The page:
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Anthropology in the Bunker: Teaching Transcultural War at the US Naval War College

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Abstract

The military’s interest in anthropology follows predictable cycles in the US: anthropology holds interest when the military must fight land wars against adversaries from a different culture. In off-cycles, anthropology reverts back to the special operations community and survives as an academic subject in the world of professional military education (PME). In the US, PME institutions exist as a kind of reservoir for the concept of culture and for the discipline of anthropology. PME institutions keep the concept of culture alive within the military domain by retaining a smattering of anthropology in their curriculum. Under these conditions, a professor teaching anthropology to military personnel must focus on anthropology’s professional relevance, offering insights that might be applied to operational problems. This chapter describes my haphazard journey in developing an anthropology course for senior military personnel. I describe some of epistemological benefits offered by an anthropological approach (e.g., ‘ground up’ perspective, de-naturalization of taken-for-granted cultural norms, and subjective thinking), and my discovery of the limitations of anthropology and military history for theorizing about transcultural war. The chapter concludes with a discussion of the central question that emerged from the course: What happens when two ‘culturally distant’ societies go to war, each having their own norms and ideas regarding the organized deployment of military force?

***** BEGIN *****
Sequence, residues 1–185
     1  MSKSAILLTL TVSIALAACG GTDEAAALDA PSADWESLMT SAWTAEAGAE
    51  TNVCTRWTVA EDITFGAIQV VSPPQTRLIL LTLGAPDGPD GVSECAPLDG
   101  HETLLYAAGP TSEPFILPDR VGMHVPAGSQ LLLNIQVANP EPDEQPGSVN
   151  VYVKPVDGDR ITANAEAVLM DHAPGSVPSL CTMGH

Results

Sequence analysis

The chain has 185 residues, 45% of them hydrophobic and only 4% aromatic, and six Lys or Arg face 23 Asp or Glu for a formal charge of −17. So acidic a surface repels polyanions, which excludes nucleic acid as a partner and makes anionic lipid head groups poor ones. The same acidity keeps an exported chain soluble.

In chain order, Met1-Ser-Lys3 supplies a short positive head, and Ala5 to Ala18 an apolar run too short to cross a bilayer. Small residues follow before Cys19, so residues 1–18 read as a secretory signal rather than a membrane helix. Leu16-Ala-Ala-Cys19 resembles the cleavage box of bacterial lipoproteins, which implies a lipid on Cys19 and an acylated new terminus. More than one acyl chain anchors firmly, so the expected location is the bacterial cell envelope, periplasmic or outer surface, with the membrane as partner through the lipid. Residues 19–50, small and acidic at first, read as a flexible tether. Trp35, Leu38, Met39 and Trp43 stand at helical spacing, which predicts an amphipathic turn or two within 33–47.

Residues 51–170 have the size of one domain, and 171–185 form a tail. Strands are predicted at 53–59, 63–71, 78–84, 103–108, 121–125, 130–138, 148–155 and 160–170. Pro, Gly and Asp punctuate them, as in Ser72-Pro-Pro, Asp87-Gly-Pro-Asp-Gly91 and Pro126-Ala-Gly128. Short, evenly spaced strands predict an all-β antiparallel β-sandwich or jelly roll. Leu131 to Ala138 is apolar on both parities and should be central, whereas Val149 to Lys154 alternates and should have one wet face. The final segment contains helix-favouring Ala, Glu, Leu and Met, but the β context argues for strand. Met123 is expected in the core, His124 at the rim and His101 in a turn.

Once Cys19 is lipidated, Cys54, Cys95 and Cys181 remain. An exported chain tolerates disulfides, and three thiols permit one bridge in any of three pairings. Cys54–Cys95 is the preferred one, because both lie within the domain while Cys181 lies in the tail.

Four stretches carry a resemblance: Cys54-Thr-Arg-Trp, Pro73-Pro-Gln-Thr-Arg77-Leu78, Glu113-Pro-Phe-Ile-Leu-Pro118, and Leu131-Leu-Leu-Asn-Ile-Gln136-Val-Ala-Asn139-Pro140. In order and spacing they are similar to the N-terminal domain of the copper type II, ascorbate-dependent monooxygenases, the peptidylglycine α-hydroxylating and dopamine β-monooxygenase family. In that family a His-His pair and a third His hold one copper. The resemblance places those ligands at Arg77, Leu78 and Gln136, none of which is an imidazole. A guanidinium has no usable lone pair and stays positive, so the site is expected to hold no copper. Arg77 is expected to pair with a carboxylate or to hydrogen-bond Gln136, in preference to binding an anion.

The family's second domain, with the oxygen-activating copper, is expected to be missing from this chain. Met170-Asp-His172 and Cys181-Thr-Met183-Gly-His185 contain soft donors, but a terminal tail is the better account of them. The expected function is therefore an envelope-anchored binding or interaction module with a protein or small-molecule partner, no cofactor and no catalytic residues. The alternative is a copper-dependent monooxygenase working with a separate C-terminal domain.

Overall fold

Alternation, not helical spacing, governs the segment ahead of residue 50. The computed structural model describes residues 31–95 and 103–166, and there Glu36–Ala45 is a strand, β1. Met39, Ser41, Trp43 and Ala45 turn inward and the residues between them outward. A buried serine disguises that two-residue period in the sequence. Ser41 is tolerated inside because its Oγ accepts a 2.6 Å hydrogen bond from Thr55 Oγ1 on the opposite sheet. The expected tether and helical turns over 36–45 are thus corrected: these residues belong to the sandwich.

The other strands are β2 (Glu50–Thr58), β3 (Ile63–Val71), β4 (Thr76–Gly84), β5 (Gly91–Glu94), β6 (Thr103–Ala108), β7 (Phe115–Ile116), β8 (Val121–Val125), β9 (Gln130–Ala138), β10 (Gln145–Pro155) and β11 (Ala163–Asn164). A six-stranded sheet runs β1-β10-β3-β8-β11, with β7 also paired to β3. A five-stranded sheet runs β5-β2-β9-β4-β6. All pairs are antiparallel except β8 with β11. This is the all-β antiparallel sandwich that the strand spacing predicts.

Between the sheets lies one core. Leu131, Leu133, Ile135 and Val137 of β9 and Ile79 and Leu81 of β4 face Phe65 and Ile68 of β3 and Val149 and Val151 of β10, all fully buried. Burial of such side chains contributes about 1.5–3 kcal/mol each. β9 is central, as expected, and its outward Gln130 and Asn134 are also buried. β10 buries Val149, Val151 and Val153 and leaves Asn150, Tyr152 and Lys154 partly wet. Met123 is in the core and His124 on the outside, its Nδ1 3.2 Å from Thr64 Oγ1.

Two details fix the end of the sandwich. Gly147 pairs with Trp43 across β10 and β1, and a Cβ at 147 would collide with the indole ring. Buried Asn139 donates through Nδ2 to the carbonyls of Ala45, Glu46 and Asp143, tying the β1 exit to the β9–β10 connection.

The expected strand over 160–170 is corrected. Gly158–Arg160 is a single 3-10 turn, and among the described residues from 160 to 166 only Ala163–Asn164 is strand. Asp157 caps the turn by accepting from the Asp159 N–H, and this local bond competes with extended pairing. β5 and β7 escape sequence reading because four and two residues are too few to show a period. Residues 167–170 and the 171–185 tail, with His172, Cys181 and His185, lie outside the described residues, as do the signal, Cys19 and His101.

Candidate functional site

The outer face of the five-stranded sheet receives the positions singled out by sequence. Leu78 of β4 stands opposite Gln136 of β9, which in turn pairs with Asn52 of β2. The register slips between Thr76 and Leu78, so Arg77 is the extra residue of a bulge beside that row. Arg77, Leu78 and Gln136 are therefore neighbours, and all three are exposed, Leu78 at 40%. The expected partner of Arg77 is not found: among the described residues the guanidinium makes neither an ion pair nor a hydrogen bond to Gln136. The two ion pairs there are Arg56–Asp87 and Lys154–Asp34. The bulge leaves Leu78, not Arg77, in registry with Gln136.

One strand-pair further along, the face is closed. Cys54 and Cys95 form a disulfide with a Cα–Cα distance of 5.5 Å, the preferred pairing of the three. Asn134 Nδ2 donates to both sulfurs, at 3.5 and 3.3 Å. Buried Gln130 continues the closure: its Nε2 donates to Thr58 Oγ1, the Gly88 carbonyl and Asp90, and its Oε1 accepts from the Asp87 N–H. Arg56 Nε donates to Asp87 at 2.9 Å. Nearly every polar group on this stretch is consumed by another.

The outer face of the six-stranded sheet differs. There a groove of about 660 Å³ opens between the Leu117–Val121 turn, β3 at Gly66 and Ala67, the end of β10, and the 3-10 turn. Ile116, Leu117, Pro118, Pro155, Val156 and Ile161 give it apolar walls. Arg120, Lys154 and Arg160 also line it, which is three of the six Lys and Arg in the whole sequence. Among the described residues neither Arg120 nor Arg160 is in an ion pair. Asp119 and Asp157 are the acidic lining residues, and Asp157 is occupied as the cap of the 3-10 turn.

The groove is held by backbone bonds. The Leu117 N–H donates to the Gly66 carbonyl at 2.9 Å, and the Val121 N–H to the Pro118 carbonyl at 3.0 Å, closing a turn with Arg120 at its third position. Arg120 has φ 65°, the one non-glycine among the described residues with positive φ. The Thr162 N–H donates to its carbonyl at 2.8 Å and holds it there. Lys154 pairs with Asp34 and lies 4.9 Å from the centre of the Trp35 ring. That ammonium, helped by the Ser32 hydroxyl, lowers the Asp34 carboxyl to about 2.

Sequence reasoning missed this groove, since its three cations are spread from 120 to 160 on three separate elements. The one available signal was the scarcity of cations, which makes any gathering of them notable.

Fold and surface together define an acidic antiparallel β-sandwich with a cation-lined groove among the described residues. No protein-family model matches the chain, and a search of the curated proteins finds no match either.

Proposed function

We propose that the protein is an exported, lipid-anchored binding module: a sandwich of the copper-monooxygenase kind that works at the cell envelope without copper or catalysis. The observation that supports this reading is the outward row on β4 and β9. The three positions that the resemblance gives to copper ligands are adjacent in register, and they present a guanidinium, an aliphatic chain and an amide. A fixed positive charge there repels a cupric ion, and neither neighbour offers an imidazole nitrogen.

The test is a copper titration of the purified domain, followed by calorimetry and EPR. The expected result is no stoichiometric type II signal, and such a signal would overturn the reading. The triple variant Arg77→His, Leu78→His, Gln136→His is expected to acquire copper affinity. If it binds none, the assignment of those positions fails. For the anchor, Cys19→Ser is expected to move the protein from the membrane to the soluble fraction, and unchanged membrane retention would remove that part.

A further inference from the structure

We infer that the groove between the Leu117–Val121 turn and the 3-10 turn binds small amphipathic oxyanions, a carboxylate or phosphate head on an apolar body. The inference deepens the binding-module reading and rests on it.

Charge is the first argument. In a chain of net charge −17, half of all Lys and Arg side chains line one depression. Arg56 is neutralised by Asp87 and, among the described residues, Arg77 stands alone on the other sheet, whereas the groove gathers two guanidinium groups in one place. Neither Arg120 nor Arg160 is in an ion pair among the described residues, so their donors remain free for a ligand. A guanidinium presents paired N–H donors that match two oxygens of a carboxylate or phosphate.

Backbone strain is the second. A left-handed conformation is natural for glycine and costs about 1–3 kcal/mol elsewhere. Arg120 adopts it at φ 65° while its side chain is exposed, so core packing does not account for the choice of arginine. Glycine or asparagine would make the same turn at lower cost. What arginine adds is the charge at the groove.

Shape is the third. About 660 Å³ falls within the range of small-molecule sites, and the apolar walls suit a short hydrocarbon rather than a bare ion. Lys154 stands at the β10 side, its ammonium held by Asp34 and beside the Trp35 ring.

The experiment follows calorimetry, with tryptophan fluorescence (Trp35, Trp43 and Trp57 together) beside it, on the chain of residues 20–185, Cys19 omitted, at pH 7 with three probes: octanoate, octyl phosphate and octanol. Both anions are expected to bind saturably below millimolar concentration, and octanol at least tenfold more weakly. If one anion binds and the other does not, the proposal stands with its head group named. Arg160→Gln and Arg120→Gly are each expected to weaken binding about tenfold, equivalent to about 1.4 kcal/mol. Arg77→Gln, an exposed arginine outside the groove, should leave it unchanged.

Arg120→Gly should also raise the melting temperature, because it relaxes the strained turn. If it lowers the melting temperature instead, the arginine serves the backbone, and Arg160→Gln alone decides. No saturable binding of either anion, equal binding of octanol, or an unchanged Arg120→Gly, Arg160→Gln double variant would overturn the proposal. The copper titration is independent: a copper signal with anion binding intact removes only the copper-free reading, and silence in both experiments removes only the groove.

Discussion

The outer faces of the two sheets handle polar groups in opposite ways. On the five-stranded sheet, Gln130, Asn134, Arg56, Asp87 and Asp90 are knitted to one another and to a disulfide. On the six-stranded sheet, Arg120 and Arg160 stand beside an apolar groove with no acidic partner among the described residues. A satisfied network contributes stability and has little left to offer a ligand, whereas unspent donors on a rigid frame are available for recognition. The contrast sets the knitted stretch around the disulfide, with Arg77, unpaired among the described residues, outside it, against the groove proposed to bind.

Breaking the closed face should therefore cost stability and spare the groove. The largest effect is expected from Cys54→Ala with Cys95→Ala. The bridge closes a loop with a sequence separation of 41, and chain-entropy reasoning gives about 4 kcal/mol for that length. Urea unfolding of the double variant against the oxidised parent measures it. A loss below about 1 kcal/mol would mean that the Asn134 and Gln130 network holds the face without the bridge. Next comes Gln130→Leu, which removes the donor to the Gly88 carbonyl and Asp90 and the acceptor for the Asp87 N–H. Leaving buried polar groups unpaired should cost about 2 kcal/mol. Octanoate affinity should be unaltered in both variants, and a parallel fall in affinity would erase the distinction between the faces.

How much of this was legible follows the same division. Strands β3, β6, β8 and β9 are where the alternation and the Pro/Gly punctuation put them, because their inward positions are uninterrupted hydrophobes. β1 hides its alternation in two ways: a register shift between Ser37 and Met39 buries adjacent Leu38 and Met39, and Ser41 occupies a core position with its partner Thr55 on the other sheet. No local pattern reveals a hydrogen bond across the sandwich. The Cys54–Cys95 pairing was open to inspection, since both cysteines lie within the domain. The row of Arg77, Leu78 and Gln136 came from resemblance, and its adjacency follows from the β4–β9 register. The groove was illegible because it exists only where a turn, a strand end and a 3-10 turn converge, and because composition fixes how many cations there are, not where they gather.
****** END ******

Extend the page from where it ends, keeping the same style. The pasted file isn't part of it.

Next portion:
Keywords

Military Anthropology Transcultural war Professional military education US Navy 

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Copyright information

© Springer Nature Switzerland AG 2020

Authors and Affiliations

  1. 1.US Naval War CollegeNewportUSA

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